Dying Scene Album Review: Joker’s Republic – “Necessary Evil”

For a long time, it wasn’t “cool” to say you like ska, but that never deterred me; I’m not cool anyway. I see Less Than Jake more often than I see my parents. I get through long days at work by listening to The Toasters, Mighty Mighty Bosstones, Against All Authority, Buck-O-Nine, and my favorite hometown band Victims of Circumstance. In recent years, ska has enjoyed quite the revival, and the old guard is starting to make way for some new blood. Ska Tune Network has brought the genre to a new audience, with fun ska-punk covers of pop songs and video game music garnering over 12 million views on YouTube. The Interrupters are breaking into the mainstream and have even performed on national TV. The tide is turning, and for the first time in a long time, ska is cool again.

Naturally, with the revival of a genre comes a new wave of bands. New Jersey’s Joker’s Republic is part of a growing crop of ska-punk up-and-comers. Their new album Necessary Evil was recorded and produced by Less Than Jake’s Roger Lima at his Gainesville recording studio The Moathouse. If you’re a fan of the poppy “fourth wave” ska-punk formula played by bands like We Are The Union and Kill Lincoln, these guys are right up your alley. The production on this album is top notch, and the songwriting isn’t too shabby either. Necessary Evil, the band’s third effort, offers up a mix of pop-punk and ska, with a hint of skate punk. The album-opening title track is my favorite song, but the blazing fast “Talk To Me” is a close second. “Gin and Tonic” is cleverly built around a fun early Blink-182 sounding guitar riff that doubles as a bassline during the song’s second bridge. “Anxiety” and “Dead Man Walking” are both very skankable tracks with some really catchy hooks. The album wraps up with “Anchor”, a grooving mid-tempo ska song that reminds me a lot of “The Science of Selling Yourself Short“.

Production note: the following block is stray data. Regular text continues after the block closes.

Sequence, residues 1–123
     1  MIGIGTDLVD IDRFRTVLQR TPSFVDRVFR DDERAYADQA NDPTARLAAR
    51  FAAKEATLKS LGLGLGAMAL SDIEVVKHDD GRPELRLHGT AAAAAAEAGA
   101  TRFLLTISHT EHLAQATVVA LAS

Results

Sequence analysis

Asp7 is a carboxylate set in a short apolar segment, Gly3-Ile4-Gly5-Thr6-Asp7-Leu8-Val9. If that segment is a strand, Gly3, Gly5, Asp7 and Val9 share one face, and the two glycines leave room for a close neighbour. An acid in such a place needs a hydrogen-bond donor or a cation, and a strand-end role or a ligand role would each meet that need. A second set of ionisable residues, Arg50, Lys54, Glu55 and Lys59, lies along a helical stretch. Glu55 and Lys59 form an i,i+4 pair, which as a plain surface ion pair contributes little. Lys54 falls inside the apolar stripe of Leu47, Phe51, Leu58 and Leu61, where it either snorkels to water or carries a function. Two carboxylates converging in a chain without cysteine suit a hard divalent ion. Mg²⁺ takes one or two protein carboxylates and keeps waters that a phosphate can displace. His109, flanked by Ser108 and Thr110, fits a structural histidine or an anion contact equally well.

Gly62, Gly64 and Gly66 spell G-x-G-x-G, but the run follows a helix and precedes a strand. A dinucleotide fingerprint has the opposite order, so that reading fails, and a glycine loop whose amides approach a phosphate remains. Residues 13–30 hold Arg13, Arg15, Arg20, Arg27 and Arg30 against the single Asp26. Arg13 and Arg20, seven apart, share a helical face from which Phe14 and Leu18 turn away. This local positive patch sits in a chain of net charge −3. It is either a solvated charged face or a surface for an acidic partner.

As much as I like this album, I have to say that Joker’s Republic and Necessary Evil would benefit greatly from the addition of a horn section. The opening track features a guest appearance from LTJ’s Buddy “Goldfinger” Schaub on trombone, laying down some awesome horn parts. This added a much needed extra layer of depth to the song’s melody, and rounded out the band’s sound very nicely. After this, on the album’s remaining nine tracks, there are no brass instruments to be found. How could you do this to me? I feel deceived, hustled, betrayed, and utterly bamboozled! Let’s Face It, ska just isn’t as good without horns; unless, of course, your band is named Operation Ivy. In other words, it’s time to start auditioning for your horn section, fellas!

These guys are a promising young band, and I look forward to watching them continue to evolve. Listening to their previous releases on Spotify and comparing it to their latest work, it’s easy to see that Joker’s Republic is progressing pretty quickly. Necessary Evil is by far their best work to date. Listen below and click here to grab the CD. If you prefer digital, visit their Bandcamp to download the album.

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